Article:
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2016 Convention Speakers

Heather Thiessen

Heather Thiessen

A self-described “ICU frequent flyer,” Heather has been in and out of the health care system for over 20 years to receive care for two chronic conditions: MS and Myasthenia Gravis. Seeing both the good and bad in health care, Heather decided to become more active in her care and uses these experiences to help illustrate how to improve the patient experience.

In her sixth year as an advisor in the Saskatoon Health Region, Heather has helped in numerous improvement events, sitting on the Brain Health, Critical Care and Steering Committee Advisory Councils.  She speaks to nursing and medical students as well as mentors first year medical and pharmacy students in a Patient Partnership Program.

Heather has been invited to speak at numerous conferences both nationally and internationally about her journey in health care and how that voice of the patient should be front and centre. Most recently she has been part of a Canada wide initiative with The Canadian Foundation for Healthcare Improvement serving as a coach to two different health care facilities, to help them to incorporate the Patient Voice in Healthcare Improvement.

Heather is a strong advocate for Patient and Family Centred Care, working tirelessly to make sure the patient and family voice is not only heard but fully integrated in health care to improve the patient experience.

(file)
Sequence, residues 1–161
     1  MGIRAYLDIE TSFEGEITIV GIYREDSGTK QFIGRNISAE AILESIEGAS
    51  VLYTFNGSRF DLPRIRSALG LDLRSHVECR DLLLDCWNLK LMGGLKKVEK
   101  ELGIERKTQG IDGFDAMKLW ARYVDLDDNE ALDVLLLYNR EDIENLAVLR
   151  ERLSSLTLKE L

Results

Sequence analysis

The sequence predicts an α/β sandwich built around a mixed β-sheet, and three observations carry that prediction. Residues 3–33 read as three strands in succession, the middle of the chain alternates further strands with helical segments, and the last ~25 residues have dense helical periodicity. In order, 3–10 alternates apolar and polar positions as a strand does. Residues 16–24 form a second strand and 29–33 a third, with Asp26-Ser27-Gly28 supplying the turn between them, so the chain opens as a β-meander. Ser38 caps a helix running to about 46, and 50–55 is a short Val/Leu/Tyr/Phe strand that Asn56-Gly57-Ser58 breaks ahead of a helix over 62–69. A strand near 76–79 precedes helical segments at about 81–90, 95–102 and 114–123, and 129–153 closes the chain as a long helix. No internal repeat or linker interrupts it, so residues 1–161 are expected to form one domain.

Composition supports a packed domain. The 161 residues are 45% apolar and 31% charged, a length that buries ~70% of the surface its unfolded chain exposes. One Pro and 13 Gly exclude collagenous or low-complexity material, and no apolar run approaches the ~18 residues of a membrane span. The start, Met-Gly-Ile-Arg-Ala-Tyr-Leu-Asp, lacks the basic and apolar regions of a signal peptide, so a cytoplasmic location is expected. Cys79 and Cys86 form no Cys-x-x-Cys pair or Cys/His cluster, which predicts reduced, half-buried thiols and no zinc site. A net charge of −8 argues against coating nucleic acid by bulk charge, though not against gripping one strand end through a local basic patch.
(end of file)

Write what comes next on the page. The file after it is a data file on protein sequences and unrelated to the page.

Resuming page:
Curtis Weber


Curtis Weber comes from Battleford Saskatchewan, where he has been inspiring and influencing change in safety behaviours across Canada/US for over 10 years. Working in safety as a Trainer, Consultant, Officer and Speaker, following a near fatal workplace incident, Curtis has been able to develop a unique way of challenging audiences to change the way they perceive safety. Curtis believes that before we can develop or change a safety culture, first we must understand and influence human behaviours towards safety. Using his own personal experience of a near fatal workplace incident, let Curtis take you on his journey and challenge you on the way you think about safety.

Curtis begins this presentation by leading his audience through the early years of his life, through to his teenager years, where the young teen from small town Saskatchewan had his life heading exactly where he had always dreamed it would take him, with an opportunity to play Jr Hockey. Instead on his third day of a new job at the age of just 17, Curtis found himself in a battle of life or death as over 40,000 volts of electricity surged through the young teens body. Curtis creates an emotional connection, as he takes his audience through a personal journey from the early days in hospital where doctors gave him “no hope” for survival, to a six and a half month initial recovery in Saskatchewan, followed by a 6 year complete recovery of hospital trips to Chicago and Toronto.  Let Curtis take you on his emotional journey that you will never forget and that Curtis will forever remember.